Guest: Dr Geoff Cumming
Presenter: Wayne Bucklar
Guest Bio: Dr Geoff Cumming has over 20 years of experience in the healthcare and biotechnology industries. Dr Cumming has previously served as Managing Director of Roche Diagnostic Systems – Oceania Regional Centre, where he transformed a loss making business to one achieving over 30% compound annual growth and the highest profitability levels in Roche’s global organisation. Geoff was also Managing Director and CEO of Biosceptre International Ltd commercialising a range of products in cancer diagnosis and treatment. Geoff holds a Ph.D. in Biochemistry from Monash University and an MBA from Macquarie University – Graduate School of Business.
Segment overview: In today’s Health Supplier Segment, know more about the great array of products developed by Anteo Diagnostics as we welcome their Managing Director and CEO Dr Geoff Cumming. The Anteo group owns a patented nanoglue technology, which is used by healthcare customers as an addition to their existing tests, to consistently enable laboratory test results that can either be delivered faster, cheaper, or with greater specificity or sensitivity than incumbent tests. In addition, Anteo has just completed its transformational acquisition of the Belgian diagnostics company DIAsource. With a distribution reach into 75 countries across the world, the acquisition of DIAsource will deliver a range of significant benefits to both companies and Anteo shareholders which include strong revenue, revenue growth and EBITDA margin; an experienced and globally-networked team; a broad suite of existing products; a strategic location; and additional differentiators.
Health Professional Radio – Anteo Diagnostics
Wayne Bucklar: You’re listening to Health Professional Radio. My name is Wayne Bucklar and my guest today is Geoff Cumming. Geoff is the CEO of Anteo Technologies and joins me from Australia. Geoff welcome to Health Professional Radio.
Geoff Cumming: Wayne, it’s a pleasure to be here.
W: Now Geoff I have to say Anteo Technologies is not a name that immediately tells me what it is you do. Can you fill me in on what it is that you do?
G: Yes. Well Anteo Technologies is a subsidiary company, of an ASX listed company called “Anteo Diagnostics Limited.” Anteo Diagnostics Limited has a technology that is basically a “nanoglue,” a glue that operates on the nanoscale. The inventor of technology is still with the company, a fellow by the name of Joe Maeji and the company was founded early in the 2000’s. Initially the technology is being used in a healthcare environment, and specifically in pathology, pop pathology tests and even more specifically “immunoassays.” Generally with immunoassays you try and bind an antibody to a solid surface. People have been doing this for decades now, but conventionally it’s either passive binding process is used or covalent binding process – we use coordination chemistry and as a result, we tend to be a little more gentle on the antibodies. So conventionally, using covalent chemistry for instance, you might get 1 out of 5 antibodies that remains functional when bound to a solid surface in the creation of an immunoassay, with our process, 5 out of 5 remain functional.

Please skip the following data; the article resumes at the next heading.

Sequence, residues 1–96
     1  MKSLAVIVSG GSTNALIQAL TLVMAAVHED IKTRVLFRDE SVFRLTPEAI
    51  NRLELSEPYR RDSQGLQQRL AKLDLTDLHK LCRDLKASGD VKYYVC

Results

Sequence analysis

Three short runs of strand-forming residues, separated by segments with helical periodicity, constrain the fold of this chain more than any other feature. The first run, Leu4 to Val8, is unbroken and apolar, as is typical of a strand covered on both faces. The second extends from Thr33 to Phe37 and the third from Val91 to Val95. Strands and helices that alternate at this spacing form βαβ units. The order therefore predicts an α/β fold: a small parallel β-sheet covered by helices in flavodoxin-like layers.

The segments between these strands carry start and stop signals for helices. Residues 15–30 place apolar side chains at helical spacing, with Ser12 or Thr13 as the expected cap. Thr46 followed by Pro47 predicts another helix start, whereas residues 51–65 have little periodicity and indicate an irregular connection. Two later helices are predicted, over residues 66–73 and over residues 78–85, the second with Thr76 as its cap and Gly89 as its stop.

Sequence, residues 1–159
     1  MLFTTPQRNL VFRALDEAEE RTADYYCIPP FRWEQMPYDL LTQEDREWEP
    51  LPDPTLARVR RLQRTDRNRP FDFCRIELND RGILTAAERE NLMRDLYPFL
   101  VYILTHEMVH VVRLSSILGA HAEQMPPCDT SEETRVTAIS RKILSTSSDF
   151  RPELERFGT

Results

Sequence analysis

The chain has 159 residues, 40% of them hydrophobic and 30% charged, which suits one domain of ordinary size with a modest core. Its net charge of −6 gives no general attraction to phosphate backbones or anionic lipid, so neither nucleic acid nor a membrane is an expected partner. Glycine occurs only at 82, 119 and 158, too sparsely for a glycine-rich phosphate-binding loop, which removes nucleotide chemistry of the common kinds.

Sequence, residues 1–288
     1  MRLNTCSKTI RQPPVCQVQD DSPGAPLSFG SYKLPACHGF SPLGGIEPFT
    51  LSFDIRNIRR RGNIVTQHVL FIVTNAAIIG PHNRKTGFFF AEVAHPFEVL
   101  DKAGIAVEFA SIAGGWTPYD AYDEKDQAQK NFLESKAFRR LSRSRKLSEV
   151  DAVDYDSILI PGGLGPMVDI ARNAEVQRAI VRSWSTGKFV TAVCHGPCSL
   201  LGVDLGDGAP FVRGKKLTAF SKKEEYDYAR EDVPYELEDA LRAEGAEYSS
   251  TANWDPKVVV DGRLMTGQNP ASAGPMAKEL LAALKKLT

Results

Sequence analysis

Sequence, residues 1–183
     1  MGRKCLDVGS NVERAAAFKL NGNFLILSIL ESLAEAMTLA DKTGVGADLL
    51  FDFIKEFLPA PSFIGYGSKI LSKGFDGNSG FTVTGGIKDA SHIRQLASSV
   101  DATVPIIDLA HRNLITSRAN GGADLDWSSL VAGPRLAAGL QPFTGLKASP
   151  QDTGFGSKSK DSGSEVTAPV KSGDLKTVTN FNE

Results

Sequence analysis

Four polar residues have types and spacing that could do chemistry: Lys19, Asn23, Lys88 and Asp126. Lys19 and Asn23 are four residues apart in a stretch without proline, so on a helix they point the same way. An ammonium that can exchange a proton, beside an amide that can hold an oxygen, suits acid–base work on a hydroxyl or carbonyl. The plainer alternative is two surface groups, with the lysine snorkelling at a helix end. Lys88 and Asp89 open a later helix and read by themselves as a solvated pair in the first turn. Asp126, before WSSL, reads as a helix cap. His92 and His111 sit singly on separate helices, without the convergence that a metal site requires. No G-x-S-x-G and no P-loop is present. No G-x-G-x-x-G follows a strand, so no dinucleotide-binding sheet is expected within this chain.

W: So your nanoglue increases the effectiveness of the analysis process, is that the bottom line with it?
G: That’s the bottom line. Because we’ve got 5 out of 5 antibodies versus 1 out of 5 functional, what happens is that we can either increase the sensitivity of the immunoassay if there is a clinical need for the sensitivity to be increased. Most of the immunoassays that are available on the market at the moment have got all the clinical sensitivity that’s needed. If that’s the case, we can produce an immunoassay that has the same level of sensitivity as the existing tests using as much as 90%, 9 0 percent of these antibodies. So it’s either a better test or a less expensive test. But perhaps more importantly, there is a trend in the industry towards “miniaturization” and conventionally in the Australian context, you’d have Sonic or other large pathology labs doing the immunoassays and they’ve got large bench top or even standalone analyzers that crunches through thousands, perhaps even 100’s of thousands of test per day.
G: There’s an increasing trend towards miniaturization, so that in ambulance or in emergency departments or bed side, doctor’s office or even at home you can perform these immunoassays. With increasing miniaturization it becomes increasingly important for each and every one of those binding interactions to be effective. And so we find ourselves ideally suited for that trend towards miniaturization, because all of our antibodies retain their functionality where that generally is not the case with either passive or covalent coupling.
W: Geoff it sounds like a technology that I should have heard of as an Australian product and I confess, I haven’t. But thank you for sharing that with us because it is an explanation that makes perfect sense. I’ve read your website and read some of the technical specs, and “nanoglue” is exactly the description I needed for my non-clinical head.